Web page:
Fortified by the instrumental drive of its two newest members, mandolinist Harry Clark and banjoist George Wagman, the Wooks began previewing new music in the middle of the set through tunes geared alternately to jam-style accessibility and traditional finesse.

The Wooks still lean heavily on cover tunes to flesh out their sets. Last night, some worked better than others. The traditionally inclined “Down the Road” (a staple of Wasson’s tenure with Crowe) and a spirited take on John Prine’s “Spanish Pipedream” fit nicely within the band’s cross-generational matrix. But a few Grateful Dead-leaning works – in particular, “Franklin’s Tower” – seemed a little static aside from a durable vocal lead by bassist Roddy Puckett. Though still a young band, The Wooks have matured well past the point of having to rely on such overly familiar jam band staples to flesh out setlists.

Before that was one of the festival’s all-time great curiosities, the Arkansas pseudo-family band known as The Cleverlys. The quintet that continually referred to itself as a trio was, on many levels, a comedy act that translated contemporary pop, rock and even hip hop tunes into bluegrass excursions. As an example of its irreverence, The Cleverlys opened the set with an instrumental that revealed considerable chops among all five members followed by a brief, choral-style salute to Bill Monroe. Then the band jumped off the stylistic cliff by playing “Gangnam Style” complete with Korean verses and beatbox-style percussion.

In the 90 minutes that followed, The Cleverlys provided string band reworkings of the Blackstreet/Dr. Dre mashup “No Diggity,” Yes’ 1983 comeback hit “Owner of a Lonely Heart” and Beck’s ‘90s moodpiece “Loser.” Curiously, guitarist/frontman Digger Cleverly led the band through a straight-faced version of Herb Pedersen’s “Wait a Minute,” a tune long ago adopted as a performance centerpiece by The Seldom Scene.

“You must have been starved for that,” Cleverly remarked after the song concluded without jokes or a drastic stylistic makeover. “Especially after all that junk we’ve been playing.”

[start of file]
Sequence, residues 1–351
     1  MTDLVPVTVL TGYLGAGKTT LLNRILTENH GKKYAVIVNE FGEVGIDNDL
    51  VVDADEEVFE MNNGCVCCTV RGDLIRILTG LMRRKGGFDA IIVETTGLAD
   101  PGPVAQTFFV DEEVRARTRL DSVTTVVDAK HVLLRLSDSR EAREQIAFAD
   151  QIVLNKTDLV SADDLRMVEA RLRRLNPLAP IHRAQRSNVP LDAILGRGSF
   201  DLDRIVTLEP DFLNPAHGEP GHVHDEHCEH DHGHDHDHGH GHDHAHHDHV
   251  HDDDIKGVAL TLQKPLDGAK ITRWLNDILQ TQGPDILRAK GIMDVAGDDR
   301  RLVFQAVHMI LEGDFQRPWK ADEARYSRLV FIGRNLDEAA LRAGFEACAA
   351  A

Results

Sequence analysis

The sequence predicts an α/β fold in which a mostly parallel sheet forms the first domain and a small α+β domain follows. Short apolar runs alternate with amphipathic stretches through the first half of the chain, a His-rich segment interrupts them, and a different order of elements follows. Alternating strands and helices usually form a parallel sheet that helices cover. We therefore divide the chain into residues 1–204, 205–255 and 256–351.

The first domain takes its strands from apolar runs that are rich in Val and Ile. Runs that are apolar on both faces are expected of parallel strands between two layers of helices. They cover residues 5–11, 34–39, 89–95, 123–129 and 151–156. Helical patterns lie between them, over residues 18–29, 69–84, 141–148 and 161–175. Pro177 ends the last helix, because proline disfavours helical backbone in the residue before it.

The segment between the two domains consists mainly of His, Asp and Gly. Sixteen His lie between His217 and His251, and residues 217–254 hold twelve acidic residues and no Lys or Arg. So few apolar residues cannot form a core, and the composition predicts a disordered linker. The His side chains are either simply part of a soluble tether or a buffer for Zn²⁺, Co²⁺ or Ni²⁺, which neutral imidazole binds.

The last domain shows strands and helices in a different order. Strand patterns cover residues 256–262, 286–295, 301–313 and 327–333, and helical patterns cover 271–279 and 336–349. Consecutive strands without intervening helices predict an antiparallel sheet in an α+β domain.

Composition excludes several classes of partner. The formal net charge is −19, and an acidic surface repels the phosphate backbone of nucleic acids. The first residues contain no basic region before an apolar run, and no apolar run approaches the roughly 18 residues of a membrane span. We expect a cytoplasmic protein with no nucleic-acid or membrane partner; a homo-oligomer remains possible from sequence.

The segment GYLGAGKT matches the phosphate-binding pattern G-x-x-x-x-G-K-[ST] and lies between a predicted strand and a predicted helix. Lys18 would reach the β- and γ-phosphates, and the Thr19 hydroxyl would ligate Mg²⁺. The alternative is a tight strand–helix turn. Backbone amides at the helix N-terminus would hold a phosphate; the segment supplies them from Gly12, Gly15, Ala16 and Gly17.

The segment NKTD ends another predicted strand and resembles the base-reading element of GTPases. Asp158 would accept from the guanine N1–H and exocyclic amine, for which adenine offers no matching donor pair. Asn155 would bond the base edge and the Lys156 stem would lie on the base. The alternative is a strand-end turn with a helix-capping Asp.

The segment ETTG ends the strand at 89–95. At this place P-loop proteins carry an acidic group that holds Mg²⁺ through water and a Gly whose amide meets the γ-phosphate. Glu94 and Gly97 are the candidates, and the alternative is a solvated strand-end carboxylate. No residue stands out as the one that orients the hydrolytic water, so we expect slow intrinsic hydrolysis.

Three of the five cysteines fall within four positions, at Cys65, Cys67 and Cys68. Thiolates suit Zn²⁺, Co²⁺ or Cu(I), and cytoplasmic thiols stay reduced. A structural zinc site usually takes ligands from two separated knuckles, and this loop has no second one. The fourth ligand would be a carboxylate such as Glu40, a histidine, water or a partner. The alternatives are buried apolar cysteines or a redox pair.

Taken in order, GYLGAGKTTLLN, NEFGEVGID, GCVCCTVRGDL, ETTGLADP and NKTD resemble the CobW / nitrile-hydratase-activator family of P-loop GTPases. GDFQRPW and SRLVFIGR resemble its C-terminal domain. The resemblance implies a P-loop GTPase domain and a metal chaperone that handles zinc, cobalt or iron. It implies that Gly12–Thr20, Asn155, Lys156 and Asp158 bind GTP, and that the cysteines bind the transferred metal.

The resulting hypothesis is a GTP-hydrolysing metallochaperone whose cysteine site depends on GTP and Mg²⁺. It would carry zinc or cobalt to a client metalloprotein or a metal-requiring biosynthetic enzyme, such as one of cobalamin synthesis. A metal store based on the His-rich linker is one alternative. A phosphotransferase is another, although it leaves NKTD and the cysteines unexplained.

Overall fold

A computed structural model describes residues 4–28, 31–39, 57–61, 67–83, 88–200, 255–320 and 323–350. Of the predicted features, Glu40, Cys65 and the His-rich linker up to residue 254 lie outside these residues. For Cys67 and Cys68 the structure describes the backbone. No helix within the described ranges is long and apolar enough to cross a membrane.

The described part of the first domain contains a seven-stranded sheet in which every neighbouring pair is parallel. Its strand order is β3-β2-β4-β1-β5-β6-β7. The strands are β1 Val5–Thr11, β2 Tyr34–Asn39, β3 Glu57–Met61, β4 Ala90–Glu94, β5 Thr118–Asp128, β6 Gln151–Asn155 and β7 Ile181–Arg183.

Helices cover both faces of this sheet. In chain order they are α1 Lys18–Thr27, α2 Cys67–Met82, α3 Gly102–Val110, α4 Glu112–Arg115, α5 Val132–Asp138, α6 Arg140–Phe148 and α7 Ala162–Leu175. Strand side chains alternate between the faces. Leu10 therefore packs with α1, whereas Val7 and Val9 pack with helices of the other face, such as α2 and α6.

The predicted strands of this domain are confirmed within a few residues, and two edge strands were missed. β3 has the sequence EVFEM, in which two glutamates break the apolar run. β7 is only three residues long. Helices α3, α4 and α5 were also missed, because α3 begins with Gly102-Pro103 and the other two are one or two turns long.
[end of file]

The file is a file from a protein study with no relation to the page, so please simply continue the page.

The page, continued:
The elders had their say when the evening began with the return of Larry Cordle and Lonesome Standard Time. The Lawrence County native, making his first festival appearance in nearly two decades, went right for the narrative jugular of bluegrass – meaning he sang a lot of songs about death. There was plaintive and poetic death (“Where the Mountain Lillies Grow”), remorseful death that even spiritual salvation can’t redeem (“Pud Marcum’s Hangin’”), the metaphorical death of traditional country music (“Murder on Music Row”) and, at its most extreme, the death of a chicken destined for a skillet (“Yardbird”).

While much of his material – and, at times, delivery – generously leaned to country as much as bluegrass, Cordle proved an amiable and open frontman, whether he was delivering the hapless road reverie “Highway 40 Blues” or celebrating string music’s communal disposition with the new “Bluegrass Junction.” Both were light, inviting works highlighted by sterling dobro playing from Kim Gardner that pulled Cordle and company above the levels of murderous elegance that inhabit many of his songs like dinner guests.

in performance: jerry douglas

Jerry Douglas.

“It’s funny to be playing here,” remarked Jerry Douglas from the roof of the Kentucky Castle last night just as the first hints of sunset appeared beyond the battlement-style walls. “I mean, I’ve been driving past this place all my life.”

The 14-time Grammy winner and long acknowledged pioneer of the resonator guitar known as the dobro, Douglas knows the Castle for the mythic property it has long been recognized as, having lived in Lexington in the mid 1970s as a member of JD Crowe and the New South. Coincidentally, he drove by it again exactly one week ago while en route to visit his parents in West Virginia. His longtime friend, John McEuen, would kickoff Concerts in the Castle series there in a matter of hours, but during Douglas’s afternoon drive-by, rainstorms had reached tempest level.
The McEuen concert prevailed, but Douglas’ show last night was the first in the series to utilize the Castle’s roof. With not a storm cloud in sight, a sold out crowd before him and a summer sun slowly setting stage right of where he playing, the initiation of the region’s grandest and most unlikely concert venue was complete.